The dangerous Portuguese man o’ war jellyfish has now spread south from the southern stretch of the La Mata beaches across Torrevieja, Orihuela Costa and Pilar de la Horadada, with councils being forced to raise red flags prohibiting any bathing or swimming.
In Orihuela Costa, swimming on La Caleta beach (Cabo Roig) has been banned after two Portuguese caravels were seen this morning (Monday). The councillor of beaches, Luisa Boné, said that the lifeguard service has raised the red flag as a matter of extreme caution.
The Department of Beaches has also published a notice on social networks warning those who plan to go to the beach to be careful and not to touch the jellyfish if they see them, as “their sting can be extremely dangerous.”
In Pilar de la Horadada the red flag has been flying throughout the day on all municipal beaches due to the appearance of the jellyfish. The Department of the Environment has decided to prohibit bathing across the whole of its coastline. They say that once the danger is gone, they will all reopen their beaches.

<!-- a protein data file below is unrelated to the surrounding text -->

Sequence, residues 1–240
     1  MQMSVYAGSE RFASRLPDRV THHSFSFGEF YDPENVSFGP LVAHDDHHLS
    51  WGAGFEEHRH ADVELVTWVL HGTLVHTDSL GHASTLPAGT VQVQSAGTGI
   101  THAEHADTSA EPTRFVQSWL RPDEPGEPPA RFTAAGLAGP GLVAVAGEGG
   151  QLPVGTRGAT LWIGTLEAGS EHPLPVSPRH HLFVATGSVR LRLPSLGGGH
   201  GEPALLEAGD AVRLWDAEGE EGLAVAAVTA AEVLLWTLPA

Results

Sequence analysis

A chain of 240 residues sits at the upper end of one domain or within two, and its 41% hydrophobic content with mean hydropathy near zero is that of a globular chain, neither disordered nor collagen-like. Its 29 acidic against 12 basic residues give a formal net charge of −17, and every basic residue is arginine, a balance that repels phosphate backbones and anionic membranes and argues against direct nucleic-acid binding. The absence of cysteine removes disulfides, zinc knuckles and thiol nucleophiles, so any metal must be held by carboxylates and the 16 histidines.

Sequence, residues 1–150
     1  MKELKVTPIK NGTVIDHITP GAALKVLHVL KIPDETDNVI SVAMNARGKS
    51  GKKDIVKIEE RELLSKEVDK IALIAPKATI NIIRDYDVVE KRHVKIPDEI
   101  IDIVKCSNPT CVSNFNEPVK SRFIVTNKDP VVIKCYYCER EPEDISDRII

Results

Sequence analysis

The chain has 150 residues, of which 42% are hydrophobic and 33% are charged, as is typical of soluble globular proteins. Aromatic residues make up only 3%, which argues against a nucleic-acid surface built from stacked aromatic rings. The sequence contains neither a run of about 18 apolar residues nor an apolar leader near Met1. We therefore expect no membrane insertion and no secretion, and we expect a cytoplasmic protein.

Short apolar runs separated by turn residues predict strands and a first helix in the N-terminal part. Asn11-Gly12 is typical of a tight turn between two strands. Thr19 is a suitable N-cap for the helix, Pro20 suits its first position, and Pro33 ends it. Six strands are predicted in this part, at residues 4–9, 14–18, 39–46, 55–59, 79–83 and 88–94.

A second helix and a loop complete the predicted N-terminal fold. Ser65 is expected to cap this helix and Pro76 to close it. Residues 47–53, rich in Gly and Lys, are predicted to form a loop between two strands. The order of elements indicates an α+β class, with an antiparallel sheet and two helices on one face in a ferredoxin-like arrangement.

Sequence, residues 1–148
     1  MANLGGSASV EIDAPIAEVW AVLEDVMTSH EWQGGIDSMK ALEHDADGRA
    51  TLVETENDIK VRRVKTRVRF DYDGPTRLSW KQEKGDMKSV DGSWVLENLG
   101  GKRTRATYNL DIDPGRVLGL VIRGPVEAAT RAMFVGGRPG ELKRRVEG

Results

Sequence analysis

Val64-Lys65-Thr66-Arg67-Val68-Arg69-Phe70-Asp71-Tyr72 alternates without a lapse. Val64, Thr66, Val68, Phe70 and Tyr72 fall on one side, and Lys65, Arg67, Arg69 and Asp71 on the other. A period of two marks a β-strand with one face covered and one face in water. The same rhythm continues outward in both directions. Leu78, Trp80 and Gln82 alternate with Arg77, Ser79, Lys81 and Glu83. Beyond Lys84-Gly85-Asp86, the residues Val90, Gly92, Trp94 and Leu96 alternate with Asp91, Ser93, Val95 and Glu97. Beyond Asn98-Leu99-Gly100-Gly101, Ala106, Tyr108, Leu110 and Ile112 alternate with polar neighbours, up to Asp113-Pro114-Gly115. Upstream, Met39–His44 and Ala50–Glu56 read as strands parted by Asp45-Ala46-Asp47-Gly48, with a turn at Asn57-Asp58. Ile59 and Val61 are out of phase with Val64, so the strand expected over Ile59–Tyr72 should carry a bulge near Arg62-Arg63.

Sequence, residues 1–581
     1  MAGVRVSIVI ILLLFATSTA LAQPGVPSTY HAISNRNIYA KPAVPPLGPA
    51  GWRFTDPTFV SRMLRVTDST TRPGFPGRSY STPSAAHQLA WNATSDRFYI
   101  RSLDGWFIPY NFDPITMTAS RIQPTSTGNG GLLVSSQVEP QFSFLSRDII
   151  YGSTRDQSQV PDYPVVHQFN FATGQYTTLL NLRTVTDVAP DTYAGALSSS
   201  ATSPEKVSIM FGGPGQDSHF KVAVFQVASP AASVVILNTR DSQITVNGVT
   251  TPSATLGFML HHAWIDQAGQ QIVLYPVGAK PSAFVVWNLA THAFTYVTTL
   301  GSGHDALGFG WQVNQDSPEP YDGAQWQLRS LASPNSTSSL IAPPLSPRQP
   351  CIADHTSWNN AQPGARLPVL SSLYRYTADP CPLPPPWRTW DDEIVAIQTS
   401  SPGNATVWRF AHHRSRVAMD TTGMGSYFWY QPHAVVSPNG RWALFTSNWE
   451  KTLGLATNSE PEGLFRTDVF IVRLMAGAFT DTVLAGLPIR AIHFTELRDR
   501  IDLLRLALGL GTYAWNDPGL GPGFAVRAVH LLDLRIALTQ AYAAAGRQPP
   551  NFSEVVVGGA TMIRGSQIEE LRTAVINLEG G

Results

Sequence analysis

Guardamar del Segura was the first municipality to alert bathers of the danger. At the end of April, the City Council recorded at least six of the invertebrates and monitoring work was intensified on the Guardamarenco coast.
It was decided to ask the local residents and tourists to avoid swimming on the beaches although they were not closed due to the lack of a lifeguard service.
Local fishermen say that they have sighted several specimens, “but it is very difficult to close 11 kilometres of linear coastline as we have, although we were among the first to initiate warnings and ask people going to the beach to take extreme precautions and avoid bathing”, said the mayor, José Luis Sáez.
The Portuguese caravel has a more potent toxin than the Mediterranean species and its sting is much greater. It could require attention ranging from treatment with antihistamines to hospital admission, depending on the individual.
The tentacles of this invertebrate can be 30 metres long and the most vulnerable to their stings are children, the elderly and people with heart problems. They can even cause death by anaphylactic shock or a severe allergic reaction, so all measures must be taken in order to avoid contact, even when they are stranded on the beach as their bite is still effective.
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